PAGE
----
New airline seeks to offer cheap flights to Asia, via Alaska

When Icelandair began offering cheap transatlantic fares to Iceland’s capital Reykajavik, it also served as an economical gateway for Americans to the rest of Europe. and a catalyst for tourism in the uncrowded northern island.

Now, startup airline Northern Pacific Airways is looking to emulate the model, using layovers in Alaska to slash airfare prices to Asia.

East by northwest

When regional Alaskan airline Ravn Air Group filed for bankruptcy in 2020, entrepreneur and Bitcoin billionaire Josh Jones led investment group Float Alaska in an $8 million acquisition for parts of the flight network. . Shortly after, Northern Pacific was launched, with plans to begin flights later this year and offer fares 10% to 20% cheaper than direct line routes from titans like Delta and United.

With a fleet of 197-seat Boeing 757-200s, the start-up is targeting young travelers on the lookout for bargains – just as overseas travel begins to pick up after its pandemic lull:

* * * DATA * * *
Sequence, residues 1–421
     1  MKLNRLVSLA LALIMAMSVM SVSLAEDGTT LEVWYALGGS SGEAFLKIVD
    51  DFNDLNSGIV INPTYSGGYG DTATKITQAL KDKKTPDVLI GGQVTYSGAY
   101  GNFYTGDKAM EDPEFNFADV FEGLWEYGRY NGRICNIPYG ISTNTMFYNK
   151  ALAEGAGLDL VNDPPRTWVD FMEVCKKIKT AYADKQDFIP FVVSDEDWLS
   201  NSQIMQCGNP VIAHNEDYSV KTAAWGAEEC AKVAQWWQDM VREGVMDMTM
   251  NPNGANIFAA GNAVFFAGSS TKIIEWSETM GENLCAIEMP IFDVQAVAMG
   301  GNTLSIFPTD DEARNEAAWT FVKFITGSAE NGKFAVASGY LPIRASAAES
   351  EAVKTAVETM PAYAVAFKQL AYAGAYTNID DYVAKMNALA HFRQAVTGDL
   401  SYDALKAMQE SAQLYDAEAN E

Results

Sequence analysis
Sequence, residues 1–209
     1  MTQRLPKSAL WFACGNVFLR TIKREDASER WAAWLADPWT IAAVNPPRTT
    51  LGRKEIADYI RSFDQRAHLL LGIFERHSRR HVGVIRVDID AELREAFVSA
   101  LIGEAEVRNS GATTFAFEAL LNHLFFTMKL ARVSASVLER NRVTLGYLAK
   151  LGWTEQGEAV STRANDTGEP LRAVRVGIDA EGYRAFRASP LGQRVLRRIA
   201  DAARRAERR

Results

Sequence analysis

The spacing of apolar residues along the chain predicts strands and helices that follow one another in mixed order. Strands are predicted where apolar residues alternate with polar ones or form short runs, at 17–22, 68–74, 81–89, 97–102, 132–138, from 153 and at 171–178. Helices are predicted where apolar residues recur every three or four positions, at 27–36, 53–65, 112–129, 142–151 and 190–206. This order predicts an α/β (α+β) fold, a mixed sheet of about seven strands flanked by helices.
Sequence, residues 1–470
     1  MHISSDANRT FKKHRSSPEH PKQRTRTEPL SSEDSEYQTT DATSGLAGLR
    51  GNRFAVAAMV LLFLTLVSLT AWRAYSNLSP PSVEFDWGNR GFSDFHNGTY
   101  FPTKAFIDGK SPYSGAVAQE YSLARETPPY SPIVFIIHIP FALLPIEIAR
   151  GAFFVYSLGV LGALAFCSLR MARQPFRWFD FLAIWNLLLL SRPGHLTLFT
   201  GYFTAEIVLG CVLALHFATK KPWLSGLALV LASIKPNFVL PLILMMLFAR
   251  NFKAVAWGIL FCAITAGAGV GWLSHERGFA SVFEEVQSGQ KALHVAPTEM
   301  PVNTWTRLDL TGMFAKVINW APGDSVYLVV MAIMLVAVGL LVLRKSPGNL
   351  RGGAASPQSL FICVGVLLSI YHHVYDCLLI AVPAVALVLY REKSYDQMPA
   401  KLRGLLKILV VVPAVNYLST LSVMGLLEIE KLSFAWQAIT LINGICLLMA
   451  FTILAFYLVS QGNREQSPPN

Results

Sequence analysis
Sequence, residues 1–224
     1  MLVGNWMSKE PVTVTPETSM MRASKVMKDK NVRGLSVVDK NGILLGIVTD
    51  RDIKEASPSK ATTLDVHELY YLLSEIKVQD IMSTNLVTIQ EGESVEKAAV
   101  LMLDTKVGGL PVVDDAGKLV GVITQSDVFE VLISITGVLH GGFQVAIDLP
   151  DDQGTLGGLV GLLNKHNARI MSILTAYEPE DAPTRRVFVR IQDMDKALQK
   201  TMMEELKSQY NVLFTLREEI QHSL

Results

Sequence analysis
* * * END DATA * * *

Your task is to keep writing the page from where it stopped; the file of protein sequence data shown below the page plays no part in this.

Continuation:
• Its initial routes will connect New York, San Francisco, Los Angeles, Las Vegas, Orlando and Honolulu to major East Asian metros like Seoul, Tokyo, Shanghai and Hong Kong. Anchorage will serve as a hub for layovers, expediting customs clearance away from the busiest mainland airports and providing instant and multi-day layovers.
  • Trans-Pacific routes have been slow to recover from historic lows. According to leading lobby group Airlines for America, travel between the US and Japan in December was 87% below its 2019 rate, while travel to South Korea was 79% below of 2019. But Japan could ease its strict COVID controls by February, and its biggest travel agency JTB Corp expects normal levels by next year.

Alaskan Apathy: Unlike Icelandair, however, a hub in Alaska doesn’t quite double as a year-round tourist hotspot, especially for Asian travelers. Before the pandemic, about 60% of the state’s tourists arrived by cruise ship, with the vast majority visiting in the summer. Poor Alaska, always a stopover, never the destination.

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